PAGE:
Implementing FormFlow for Microsoft Node.js BotBuilder SDK

The C# BotBuilder SDK supports a really cool thing call FormFlow. With this, you can write a C# class which is used as a base for a dynamically generated series of question/answer pairs, in order to fill the properties of this class. For instance, do you want to create a burger ordering bot? Just add a enum for BreadOptions, an enum for Toppings, a choice of SauceOptions etc. This is a really cool feature of the C# BotBuilder SDK which allows you to quickly develop a chatbot with predefined rules and flow. As the Node.js BotBuilder SDK lacks this functionality, I tried to replicate it since I needed it for a simple project I’m building. Meet formflowbotbuilder.

Usage

First, you need to create a new node.js project and install the required libraries.

npm init
npm install –save botbuilder
npm install –save formflowbotbuilder

C# SDK uses reflection to generate the question/answer pairs. In our implementation, we opted to use a JSON file to store these. Check out a sample, taken from library’s source code on GitHub. Let’s call it sample.json.

[
    {
        "id": "firstname",
        "prompt": "please enter a name",
        "response": "Your name is %s",
        "errorPrompt": "please enter a string of > 0 characters",
        "type": "text"
    },
    {
        "id": "language",
        "prompt": "please select a language",
        "response": "Your favorite programming language is %s",
        "errorPrompt": "please select one of the choices",
        "type": "choice",
        "choices": "JavaScript|TypeScript|CoffeeScript"
    },
    {
        "id": "email",
        "prompt": "please enter an email",
        "response": "Your email is %s",
        "errorPrompt": "please enter a valid email",
        "type": "email"
    },
    {
        "id": "url",
        "prompt": "please enter a website (starting with http:// or https://)",
        "response": "Your url is %s",
        "errorPrompt": "please enter a valid website",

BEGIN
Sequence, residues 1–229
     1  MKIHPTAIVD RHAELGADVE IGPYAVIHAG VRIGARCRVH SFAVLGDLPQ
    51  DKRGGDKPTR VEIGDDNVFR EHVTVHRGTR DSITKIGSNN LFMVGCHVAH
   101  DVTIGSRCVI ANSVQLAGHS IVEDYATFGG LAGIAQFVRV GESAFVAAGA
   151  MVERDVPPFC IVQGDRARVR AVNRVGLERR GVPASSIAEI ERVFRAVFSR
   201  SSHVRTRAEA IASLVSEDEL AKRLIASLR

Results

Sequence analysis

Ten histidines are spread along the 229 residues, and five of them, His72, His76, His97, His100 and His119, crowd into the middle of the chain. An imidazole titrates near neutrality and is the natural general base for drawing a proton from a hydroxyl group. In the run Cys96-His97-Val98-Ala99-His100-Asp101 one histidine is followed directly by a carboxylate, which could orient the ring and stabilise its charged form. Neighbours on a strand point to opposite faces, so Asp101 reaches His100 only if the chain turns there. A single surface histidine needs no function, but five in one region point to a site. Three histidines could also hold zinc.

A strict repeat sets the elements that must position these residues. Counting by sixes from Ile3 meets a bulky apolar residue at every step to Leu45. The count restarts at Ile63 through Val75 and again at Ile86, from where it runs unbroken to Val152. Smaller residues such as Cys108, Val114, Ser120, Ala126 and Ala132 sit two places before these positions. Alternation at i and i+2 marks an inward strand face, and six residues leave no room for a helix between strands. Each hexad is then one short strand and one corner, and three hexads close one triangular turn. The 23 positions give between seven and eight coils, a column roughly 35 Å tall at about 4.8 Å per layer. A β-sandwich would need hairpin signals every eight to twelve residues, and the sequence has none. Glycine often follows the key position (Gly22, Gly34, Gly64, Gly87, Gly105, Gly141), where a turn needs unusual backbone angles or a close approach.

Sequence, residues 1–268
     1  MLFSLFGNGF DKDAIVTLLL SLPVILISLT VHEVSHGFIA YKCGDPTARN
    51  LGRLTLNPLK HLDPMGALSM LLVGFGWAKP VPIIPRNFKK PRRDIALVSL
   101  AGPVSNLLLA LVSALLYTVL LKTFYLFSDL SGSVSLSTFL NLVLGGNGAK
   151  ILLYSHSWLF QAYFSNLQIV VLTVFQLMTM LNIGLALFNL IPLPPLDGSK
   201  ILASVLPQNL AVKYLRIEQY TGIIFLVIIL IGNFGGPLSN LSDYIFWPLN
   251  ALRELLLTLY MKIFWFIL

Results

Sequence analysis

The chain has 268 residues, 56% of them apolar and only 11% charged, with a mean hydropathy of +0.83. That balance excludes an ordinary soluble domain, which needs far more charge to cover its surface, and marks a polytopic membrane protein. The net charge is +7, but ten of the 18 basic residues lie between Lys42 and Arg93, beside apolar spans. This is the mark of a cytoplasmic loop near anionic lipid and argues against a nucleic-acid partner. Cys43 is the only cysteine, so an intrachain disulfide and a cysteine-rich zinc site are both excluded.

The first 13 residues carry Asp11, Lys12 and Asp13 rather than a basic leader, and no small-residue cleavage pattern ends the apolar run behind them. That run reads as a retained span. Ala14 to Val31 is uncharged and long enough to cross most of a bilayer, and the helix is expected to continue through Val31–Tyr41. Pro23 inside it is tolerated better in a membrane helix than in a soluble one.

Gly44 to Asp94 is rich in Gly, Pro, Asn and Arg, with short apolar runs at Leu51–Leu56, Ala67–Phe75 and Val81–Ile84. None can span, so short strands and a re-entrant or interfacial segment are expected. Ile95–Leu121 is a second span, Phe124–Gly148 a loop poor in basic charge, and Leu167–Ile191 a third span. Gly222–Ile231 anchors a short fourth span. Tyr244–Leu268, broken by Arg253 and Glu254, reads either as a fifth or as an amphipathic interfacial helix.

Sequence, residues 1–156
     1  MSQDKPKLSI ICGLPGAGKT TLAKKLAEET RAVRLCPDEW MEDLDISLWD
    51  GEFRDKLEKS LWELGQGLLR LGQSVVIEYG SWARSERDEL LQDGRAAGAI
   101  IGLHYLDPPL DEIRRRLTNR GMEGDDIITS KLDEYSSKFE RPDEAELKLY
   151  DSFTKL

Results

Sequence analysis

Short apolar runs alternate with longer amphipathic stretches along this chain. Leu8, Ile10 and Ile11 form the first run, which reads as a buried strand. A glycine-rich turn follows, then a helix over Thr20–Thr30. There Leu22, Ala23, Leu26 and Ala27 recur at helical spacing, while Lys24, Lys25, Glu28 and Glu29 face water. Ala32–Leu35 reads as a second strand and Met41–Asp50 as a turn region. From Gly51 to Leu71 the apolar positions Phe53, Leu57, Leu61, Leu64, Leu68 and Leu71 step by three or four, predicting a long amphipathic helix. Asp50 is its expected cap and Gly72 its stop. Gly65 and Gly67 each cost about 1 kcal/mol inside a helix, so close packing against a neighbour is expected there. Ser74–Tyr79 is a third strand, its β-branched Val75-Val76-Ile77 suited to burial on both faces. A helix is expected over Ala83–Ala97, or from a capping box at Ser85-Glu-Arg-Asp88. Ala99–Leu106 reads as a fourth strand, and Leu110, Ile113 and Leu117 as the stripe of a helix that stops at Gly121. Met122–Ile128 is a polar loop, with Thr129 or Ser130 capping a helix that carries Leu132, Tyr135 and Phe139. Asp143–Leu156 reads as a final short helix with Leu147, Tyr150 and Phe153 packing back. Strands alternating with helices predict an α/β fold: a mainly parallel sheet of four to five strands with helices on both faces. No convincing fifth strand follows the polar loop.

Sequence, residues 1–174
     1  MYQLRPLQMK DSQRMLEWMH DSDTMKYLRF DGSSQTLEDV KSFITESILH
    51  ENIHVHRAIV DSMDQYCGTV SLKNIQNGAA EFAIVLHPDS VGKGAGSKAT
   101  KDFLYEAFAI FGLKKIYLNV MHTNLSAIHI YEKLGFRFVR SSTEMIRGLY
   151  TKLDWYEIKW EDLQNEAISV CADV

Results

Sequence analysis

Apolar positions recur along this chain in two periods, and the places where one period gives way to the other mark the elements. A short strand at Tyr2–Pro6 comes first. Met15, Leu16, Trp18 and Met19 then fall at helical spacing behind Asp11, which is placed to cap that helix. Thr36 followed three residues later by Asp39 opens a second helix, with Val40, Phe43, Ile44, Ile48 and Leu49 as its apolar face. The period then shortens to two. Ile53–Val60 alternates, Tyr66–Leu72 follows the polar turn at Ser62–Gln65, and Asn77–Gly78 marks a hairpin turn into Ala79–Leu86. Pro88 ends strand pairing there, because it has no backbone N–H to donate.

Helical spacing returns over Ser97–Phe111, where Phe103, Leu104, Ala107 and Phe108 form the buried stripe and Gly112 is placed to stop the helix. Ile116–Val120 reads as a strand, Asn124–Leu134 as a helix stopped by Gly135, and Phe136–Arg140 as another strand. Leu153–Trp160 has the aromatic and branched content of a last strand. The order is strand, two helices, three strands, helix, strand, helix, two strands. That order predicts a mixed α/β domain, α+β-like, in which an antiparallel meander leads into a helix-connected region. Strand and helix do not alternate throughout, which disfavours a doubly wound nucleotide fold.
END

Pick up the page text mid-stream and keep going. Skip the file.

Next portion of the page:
"type": "url"
    }
]

You can see that this is basically an array of various JSON objects, with each one containing necessary fields for our FormFlow implementation. These are

  • id: an id for our field. This will also be the name of the variable that will contain the answer of the user
  • prompt: the question to the user
  • response: the response that will be given to the user (to verify that the bot has gotten the correct response)
  • errorPrompt: a text to display to the user when he has given a wrong response (e.g. a wrong e-mail or URL)
  • type: this can take one of the following values
    • text: just any text is requested by the user
    • choice: this contains an array of choices, implementing the builder.Prompts.choice method
    • email: validates input against known email patterns
    • url: validates input agains known URL patterns
    • number: utilizes the
      builder.DialogAction.validatedPrompt(builder.PromptType.number) Dialog accepting numbers
    • time: utilizes the builder.DialogAction.validatedPrompt(builder.PromptType.number) Dialog accepting time (using chrono to parse it)

It’s important to pay special attention to the order of the questions in the JSON file. This is exactly the order that these questions will be presented to the user.

Finally, you have to write the code to use the library.

const builder = require('botbuilder');
const formflowbotbuilder = require('formflowbotbuilder');

const connector = new builder.ConsoleConnector().listen();
const bot = new builder.UniversalBot(connector);

//just a name for the dialog
const myDialogName = 'getFields';

formflowbotbuilder.executeFormFlow('./sample.json', bot, myDialogName).then(function (responses) {
    bot.dialog('/', [function (session) {
        session.beginDialog(myDialogName);
    },
    function (session, results) {
        //responses from the user are in results variable as well as in the responses callback argument
        session.send('results: ' + JSON.stringify(results));
    }]);
}).catch((error) => console.log(error));

We take it as granted that the dialogs generated by our library will be part of a bigger conversation between the bot and the user. This is why we give a custom name to the generated dialog tree. Then we call the Promisified executeFormFlow method, to execute our dynamically generated dialogs!

Check the code here on GitHub and here on npm.

Hope this helps,

Dimitris

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